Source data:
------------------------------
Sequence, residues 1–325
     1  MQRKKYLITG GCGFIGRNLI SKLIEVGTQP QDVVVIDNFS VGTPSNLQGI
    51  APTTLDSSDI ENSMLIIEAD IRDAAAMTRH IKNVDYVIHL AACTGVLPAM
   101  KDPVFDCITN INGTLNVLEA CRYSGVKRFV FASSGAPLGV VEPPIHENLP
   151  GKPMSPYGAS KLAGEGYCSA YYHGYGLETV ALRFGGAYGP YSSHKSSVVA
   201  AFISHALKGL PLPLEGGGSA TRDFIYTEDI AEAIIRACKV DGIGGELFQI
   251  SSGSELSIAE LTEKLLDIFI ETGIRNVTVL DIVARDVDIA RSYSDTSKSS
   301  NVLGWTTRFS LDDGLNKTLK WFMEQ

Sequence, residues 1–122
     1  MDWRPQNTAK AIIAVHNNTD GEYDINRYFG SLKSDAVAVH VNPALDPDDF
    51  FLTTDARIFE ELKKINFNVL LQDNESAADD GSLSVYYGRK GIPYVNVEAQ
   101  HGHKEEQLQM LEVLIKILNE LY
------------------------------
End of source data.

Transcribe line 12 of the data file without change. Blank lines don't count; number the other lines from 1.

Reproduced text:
   101  HGHKEEQLQM LEVLIKILNE LY